Alabama Gov. Robert Bentley recently announced a new initiative aimed at addressing the state’s overcrowding problem,with 23,000 prisoners in facilities designed for about 13,000. The “Alabama Prison Transformation Initiative” would consolidate the state’s fourteen prisons into four mega–prisons, costing taxpayers about $800 million. Amazingly, Bentley argues this is the most cost effective way to handle Alabama’s disastrous criminal justice system.
Instead of throwing money at the behemoth of bureaucracy that the prison complex has become, Alabama should consider an alternative model for reform pioneered by Texas.
In 2007, Texas legislators coalesced around a rare bipartisan effort to slim the country’s most bloated incarceration population. The war on drugs and tough on crime politics skyrocketed the state’s incarcerated population from about 50,000 in 1990 to a peak of 173,000 in 2010. The legislature in Austin was faced with two options—a $523 million prison construction plan or an approach focused on shrinking the amount of people they send to prison (i.e. the root of the problem). Obviously, the tough on crime stance so popular in deeply red states hadn’t stemmed the crime wave in any meaningful sense, so Texas House leaders opted for an alternative strategy.
Instead of placing first-time, nonviolent drug offenders in prison — making them more likely to adapt to the hardened prison culture and reoffend once out on release — Texas expanded drug courts that allowed users to forego prison if they agreed to comprehensive supervision, drug testing, and treatment. The new approach also eschewed the common practice of severe sentencing punishments for technical violations of probation or parole. Instead, Texas’s reforms used graduated sanctions (i.e. increasingly strict punishments for parole or probation violations as opposed to instant re-incarceration) and rehabilitation programs for drug users and the mentally ill.
Texas legislators wanted to send fewer people to prison. After all, housing prisoners is a massive taxpayer burden, with annual cost of $26,000 for just one prisoner, and Americans foot an annual bill of roughly $85 billion for corrections.
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This holiday season, online shoppers from Alabama can expect a higher price at checkout due to the state’s new tax policy. Alabama’s Simplified Sellers Use Tax, colloquially known as the ‘Amazon tax,’ is the latest in a series of state laws seeking to get around the Constitution in order to force out-of-state retailers to collect state taxes, in the name of protecting small businesses.
Amazon, despite being the tax’s popular namesake and one of its primary targets, has yet to challenge the tax. This complacency seems to undermine Alabama’s justification that the tax will protect local business from Amazon. Instead, it is more likely that the new program serves to boost the bankrupt state’s waning General Fund, rather than promote fair competition for local businesses.
Unfortunately for Alabama, there are constitutional limitations on state taxation. Over a century of case law recognize that a state cannot regulate business outside its jurisdiction, or pass laws which discriminate against interstate commerce.
States can only constitutionally tax businesses having a “substantial nexus,” or connection, with the state. For years, “substantial nexus” has been understood to require some sort of physical presence inside the state, and following Scripto, Inc. v. Carson, the “furthest constitutional reach”is the presence of ten independent contractors acting as local salespeople.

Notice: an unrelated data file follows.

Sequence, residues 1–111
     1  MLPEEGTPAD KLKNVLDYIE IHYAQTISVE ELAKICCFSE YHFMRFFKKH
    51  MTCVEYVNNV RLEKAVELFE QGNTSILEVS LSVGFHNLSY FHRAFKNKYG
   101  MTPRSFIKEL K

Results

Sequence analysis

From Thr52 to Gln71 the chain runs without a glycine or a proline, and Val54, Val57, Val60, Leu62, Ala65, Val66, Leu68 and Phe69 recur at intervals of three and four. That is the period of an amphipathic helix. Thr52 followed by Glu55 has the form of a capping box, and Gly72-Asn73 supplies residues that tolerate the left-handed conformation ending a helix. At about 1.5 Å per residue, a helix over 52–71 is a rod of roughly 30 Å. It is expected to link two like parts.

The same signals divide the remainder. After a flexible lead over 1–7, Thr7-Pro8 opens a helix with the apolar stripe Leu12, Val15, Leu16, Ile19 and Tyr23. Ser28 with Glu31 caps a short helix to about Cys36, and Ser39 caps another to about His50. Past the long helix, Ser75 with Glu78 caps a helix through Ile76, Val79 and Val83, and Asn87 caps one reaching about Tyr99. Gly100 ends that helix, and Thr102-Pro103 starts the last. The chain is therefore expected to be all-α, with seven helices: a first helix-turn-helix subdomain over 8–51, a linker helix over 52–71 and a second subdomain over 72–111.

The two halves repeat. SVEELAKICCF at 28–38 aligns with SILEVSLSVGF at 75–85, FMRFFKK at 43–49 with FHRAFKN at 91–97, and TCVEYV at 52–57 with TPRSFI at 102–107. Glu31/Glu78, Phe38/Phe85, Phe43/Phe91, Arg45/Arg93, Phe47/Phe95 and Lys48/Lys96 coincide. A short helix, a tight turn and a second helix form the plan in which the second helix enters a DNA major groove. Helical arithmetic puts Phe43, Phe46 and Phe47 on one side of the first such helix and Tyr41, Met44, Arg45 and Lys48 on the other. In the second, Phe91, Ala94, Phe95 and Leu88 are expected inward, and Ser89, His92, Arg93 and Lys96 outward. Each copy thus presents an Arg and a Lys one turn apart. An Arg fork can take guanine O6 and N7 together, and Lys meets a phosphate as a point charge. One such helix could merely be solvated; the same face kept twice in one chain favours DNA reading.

Continue reading at Watchdog.
Many libertarians this week are cheering an Alabama state senate bill that gets the government out of the marriage business altogether. Introduced by Rep. Greg Albritton, SB 377 would require future couples getting married in the Yellowhammer State to write up a contract instead of seeking a state license. As explained from AL.com:
The Republican senator from Albritton [sic] said the bill will take the state out of sanctifying marriages, and the probate’s office wouldn’t issue a marriage license. The legislation wouldn’t even require a couple to have a wedding.
“The sanctity of marriage cannot be sanctified by government of men,” Albritton said. “That is where we have gotten ourselves in trouble.”
Albritton’s bill would require couples wanting to be married to enter into a properly executed contract witnessed by two adults. The contract would then be filed in the probate’s office.
It’s easy to see why libertarians and constitutional conservatives would cheer such a policy push. For decades, liberty lovers have been calling to end marriage licensure as a way to end the gay marriage debate. Marriage, after all, is a historically religious institution that has evolved for centuries, and many cultures and religious groups have varying definitions of it even today.
While leaving the complex matter of marriage up to two consenting adults and their community is undoubtedly the best option in a libertarian utopia, the unfortunate reality is that doing so in the American legal system today would put a couple at significant disadvantage. To be specific, the federal government has a number of tax and entitlement benefits earmarked specifically for married couples, and Alabama’s failure to recognize a couple’s nuptials — gay or straight — could lead to a bureaucratic headache.
Without a marriage license, a couple cannot file taxes jointly, potentially resulting in thousands of dollars each year. Worse, a surviving spouse cannot receive an estate tax exemption or Social Security benefits when their loved one dies. The list goes on and on. Until the federal government recognizes contracts as an alternative to a marriage license, it seems to me that Senate Bill 377’s chances of enactment are bleak.
Reprinted with permission from Rare.